(gorgeous print by ben chlapek, available on etsy)
I’ve been thinking a lot this summer about the community that has built up around my family and I over the past few years, especially since Milo has been born. My whole life, I’ve flitted in and out of communities, holding on with an obsessive connection and then losing touch completely. As a child, we were always very ingrained in the church community, especially with our bible study “home group” families. In high school, my community was my theater friends, and various summers left me hanging out with various groups of people I hung out or worked with- we would spend all our time together for a length of a few months to a year, and then stop. Theater and the friends Ben lived with defined my communities in my college years, and after college I spent a lot of time with my “karaoke friends,” making up for lost partying that I never really got into in my later college years.
These experiences were all had major benefits. I have friends who have remained even after the “group” has stopped spending so much time together. I remember lots of fun cast parties, games of Starball, day trips into the city, rehearsals, and nearly forgotten nights of drinking too much in local Chinese restaurants. Throughout these times, I was slowly learning what it meant to be a great friend, and most of the time, I was getting it wrong. I’m guilty of lots of bad-friend moves: not returning calls, falling out of touch with people who were still in my day-to-day life, breaking plans at the last minute, getting too drunk and leaving someone else to take care of me, taking favors without returning them. There are lots of situations that I wish I had handled differently, from middle school to after college. The only up side is that I think these experiences have helped me be a better member of the community I’m a part of today.
These days, the majority of my time is spent with whatever family members I can get my hands on, and the people I work with. Friends from all parts of my life are woven through with exciting visits and lots of technological catching up, but my average week is spent in a 45-minute ratio of my house, and a lot of my visits are to other teachers, usually ones who are hanging out with their kids somewhere. When I needed a babysitter so I could go into work for a few random weekdays, I knew there would be someone to watch Milo. When one of my friends had a family emergency earlier this week, I never even stopped to think for a second. I just packed up Milo and off we went. It’s a different way of relating to people. I don’t know if it’s because I’m a mom now, or if it’s because I’m older. I feel the rhythm of give-and-take within a community even more, and instead of feeling pressure, I feel comforted. It’s strange. And kind of wonderful.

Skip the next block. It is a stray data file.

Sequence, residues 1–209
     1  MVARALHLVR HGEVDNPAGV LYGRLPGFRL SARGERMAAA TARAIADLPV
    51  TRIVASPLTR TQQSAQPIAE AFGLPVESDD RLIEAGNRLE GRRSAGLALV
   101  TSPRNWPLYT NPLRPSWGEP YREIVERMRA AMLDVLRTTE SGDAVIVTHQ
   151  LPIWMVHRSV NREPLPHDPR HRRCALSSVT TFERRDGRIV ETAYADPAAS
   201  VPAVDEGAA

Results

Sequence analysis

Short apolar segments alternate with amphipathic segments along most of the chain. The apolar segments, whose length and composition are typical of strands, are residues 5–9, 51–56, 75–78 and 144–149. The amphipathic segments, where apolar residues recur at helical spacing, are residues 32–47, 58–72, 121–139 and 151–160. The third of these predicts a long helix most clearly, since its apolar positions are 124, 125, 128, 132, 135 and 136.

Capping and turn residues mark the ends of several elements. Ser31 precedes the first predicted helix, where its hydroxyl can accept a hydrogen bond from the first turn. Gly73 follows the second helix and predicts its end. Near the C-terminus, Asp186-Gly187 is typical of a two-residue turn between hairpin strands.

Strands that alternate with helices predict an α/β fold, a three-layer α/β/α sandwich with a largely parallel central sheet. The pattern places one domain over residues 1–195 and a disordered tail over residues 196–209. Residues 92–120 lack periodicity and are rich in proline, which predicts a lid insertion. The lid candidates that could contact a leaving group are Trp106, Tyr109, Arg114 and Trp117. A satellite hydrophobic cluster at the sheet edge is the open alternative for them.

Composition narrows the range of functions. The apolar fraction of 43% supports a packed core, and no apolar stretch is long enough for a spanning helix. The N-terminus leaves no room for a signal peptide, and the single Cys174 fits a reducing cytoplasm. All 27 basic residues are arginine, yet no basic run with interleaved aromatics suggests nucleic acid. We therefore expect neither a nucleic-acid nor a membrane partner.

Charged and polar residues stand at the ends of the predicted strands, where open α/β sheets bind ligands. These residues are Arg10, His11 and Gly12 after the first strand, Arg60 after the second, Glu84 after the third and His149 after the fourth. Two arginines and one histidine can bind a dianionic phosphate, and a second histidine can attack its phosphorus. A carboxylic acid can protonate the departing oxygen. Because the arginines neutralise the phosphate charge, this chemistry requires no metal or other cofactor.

Even beyond my physical presence this summer, I feel the support of a few different communities online. I have a batch of mama-friends that I automatically turn to when I have a question about a product or a routine. These ladies are recent (last 5-7 years) mothers who know what is out there and where to find it. I have never felt more relief than checking in with them when I want to know how to find what’s right for small kiddos. Most of these ladies supported me all through my first pregnancy and help me out to this day. I’m more grateful to them than they know. I also can’t overstate the way I adore technology as a way to bring my family closer. There are a LOT of people who I love very, very much, who also happen to live too far away for frequent in-person visits. To bridge the gap, I post videos to Facebook, pictures to Instagram, write blog posts about milestones and day-to-day, and use FaceTime to hear the voices I love. Text messages and Emojis let me be silly with my sister who is usually available to chat once I’m already wiped for the day. Without these things, I would feel even further removed from a bunch of friends living exciting lives scattered around the country, and a family who I never appreciated this much until they were already far away.
Basically, I have been spending a lot of time feeling really grateful for the people in my town, my school, my phone, my computer, my world. There was a time, not so long ago, when I wanted to be left alone. I needed days to psych myself for hanging out, and I felt sad and lonely, even when I was around a lot of people. I’ve come a long way towards being the social person I used to be; this summer, I keep a bag packed with swimsuits and towels in the car at all times. There are that many people that I want to see at the drop of a hat. I think a lot of this change has come from growing into my own skin, and a lot more of it has come from the support of lots of loving people. If you’re reading this, it’s very likely that you’re one of those people. Thank you.